PencilsWhen you are writing articles - under pressure from the tenure clock - do you ever hear voices telling you that each word must be perfect?  Or what about thinking that the crafting of each sentence is an arduous process? 

As a faculty member, particularly when you are under pressure to get writing done for the tenure process, there are many voices competing in your head (some of which are not particularly helpful).  If you've had success in other types of writing, you may be able to identify with this question: 

In my former life as a fundraiser, I wrote with ease and with a great deal of success. With my academic writing, it is simply painful. It seems like I have to have done so much preparation even to begin writing a sentence.  Can you offer some suggestions to help me quiet these voices telling me that I have to have each word 'perfect' before I write it down?

  1. Separate your editor and your composer.  This will help you and all other writers immensely.  So, for example, on some days, go ahead and generate ideas for your articles, then flesh them out on subsequent days, and then take a day or two to begin to revise what you've written.  Do NOT try to do both composing (generating) and editing on the same day and particularly, don't try to have these two competing processes going on at the same time. It does not work. I wish I had learned that a LONG time ago. It would have made a world of difference for me.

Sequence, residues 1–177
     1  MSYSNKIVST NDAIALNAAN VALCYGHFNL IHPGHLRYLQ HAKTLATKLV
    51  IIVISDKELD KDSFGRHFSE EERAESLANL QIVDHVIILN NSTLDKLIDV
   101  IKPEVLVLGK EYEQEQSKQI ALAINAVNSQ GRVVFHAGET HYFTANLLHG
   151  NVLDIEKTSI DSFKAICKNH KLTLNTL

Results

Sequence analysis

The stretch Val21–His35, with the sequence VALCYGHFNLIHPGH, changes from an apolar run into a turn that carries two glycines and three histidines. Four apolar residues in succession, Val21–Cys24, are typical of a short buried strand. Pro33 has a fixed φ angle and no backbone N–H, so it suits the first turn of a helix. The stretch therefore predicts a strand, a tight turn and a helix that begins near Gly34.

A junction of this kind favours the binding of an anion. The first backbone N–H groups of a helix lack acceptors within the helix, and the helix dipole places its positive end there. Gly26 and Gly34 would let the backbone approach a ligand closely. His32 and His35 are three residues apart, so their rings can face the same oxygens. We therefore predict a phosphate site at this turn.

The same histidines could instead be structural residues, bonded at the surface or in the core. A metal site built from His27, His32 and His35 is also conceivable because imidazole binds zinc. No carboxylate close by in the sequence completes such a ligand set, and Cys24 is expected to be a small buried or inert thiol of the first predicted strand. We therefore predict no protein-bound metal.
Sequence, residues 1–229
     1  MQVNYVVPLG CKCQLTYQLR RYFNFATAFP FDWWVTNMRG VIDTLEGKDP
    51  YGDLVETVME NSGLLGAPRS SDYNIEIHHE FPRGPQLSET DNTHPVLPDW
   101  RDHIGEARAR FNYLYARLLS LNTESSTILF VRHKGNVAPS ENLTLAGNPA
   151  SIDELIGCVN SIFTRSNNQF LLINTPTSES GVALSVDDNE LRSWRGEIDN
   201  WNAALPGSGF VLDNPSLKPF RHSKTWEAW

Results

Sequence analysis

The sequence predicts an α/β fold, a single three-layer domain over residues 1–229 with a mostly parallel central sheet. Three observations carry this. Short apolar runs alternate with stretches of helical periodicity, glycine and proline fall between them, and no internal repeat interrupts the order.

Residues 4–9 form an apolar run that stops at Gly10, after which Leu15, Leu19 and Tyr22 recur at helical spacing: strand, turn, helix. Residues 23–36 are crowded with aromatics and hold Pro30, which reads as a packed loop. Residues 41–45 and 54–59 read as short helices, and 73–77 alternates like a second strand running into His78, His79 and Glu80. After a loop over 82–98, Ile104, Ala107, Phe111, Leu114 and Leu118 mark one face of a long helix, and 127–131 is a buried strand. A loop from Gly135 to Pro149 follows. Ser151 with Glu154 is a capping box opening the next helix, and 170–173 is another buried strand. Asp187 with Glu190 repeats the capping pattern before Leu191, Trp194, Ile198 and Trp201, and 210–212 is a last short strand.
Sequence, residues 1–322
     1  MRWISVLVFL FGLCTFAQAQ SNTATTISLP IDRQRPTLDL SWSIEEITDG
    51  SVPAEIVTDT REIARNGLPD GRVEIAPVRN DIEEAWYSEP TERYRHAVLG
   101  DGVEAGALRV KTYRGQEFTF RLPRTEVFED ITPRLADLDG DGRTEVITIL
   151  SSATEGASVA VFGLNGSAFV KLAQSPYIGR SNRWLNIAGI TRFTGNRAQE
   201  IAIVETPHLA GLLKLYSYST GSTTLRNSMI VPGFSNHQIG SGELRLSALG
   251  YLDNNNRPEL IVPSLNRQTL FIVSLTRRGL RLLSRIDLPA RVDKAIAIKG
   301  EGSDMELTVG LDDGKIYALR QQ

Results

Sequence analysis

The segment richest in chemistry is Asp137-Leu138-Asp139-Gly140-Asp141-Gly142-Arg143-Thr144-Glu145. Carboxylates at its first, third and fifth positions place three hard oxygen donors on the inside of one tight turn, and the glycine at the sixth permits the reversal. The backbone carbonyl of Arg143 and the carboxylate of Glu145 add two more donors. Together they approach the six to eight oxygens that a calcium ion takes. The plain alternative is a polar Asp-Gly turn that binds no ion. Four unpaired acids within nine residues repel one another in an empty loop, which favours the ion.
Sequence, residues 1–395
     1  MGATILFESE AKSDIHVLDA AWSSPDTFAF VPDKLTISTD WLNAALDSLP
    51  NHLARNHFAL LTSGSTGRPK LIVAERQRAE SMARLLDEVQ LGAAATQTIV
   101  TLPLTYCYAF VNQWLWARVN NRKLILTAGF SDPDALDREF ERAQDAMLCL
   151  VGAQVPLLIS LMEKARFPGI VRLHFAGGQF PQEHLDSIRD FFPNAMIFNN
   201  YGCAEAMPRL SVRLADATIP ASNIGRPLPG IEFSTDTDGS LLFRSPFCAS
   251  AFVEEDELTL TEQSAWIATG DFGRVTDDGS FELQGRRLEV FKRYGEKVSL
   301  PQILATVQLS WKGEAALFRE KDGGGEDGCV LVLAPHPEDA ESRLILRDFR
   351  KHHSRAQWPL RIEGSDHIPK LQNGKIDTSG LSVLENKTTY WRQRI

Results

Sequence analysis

2. Focus on the success you have had and will continue to have as a writer. You know perfectly well that you know how to write coherent, powerful sentences and compelling text. You are now writing it in a different format and you have been trained to do so.  Focus on the flow.
  3. Keep your audience in mind. Your audience members are those people who will read your writing when it has been published and will be enriched by your insight, your discoveries, and the way that you can offer this information to them. If you don't get your writing completed (and submitted to journals or other appropriate publications), then the world has missed out. You're doing this for yourself, yes (to earn tenure) but you are doing this for a bigger reason. Often, focusing on that aspect serves to keep the writing moving along.

It matters whether you write. You can be successful if you put forth the time, energy, and effort. Or, you could just bemoan the fact that it's not that easy. Of which would you be more proud?

propellingFor more tools and tips to help you in your writing journey, consider Get a Plan! Guide® to Writing Better, Faster, & (Yes!) More Easily part of the Get a Plan! Guide® Series designed to give you the ideas and inspiration to do your work easier, faster, and in a more focused fashion.

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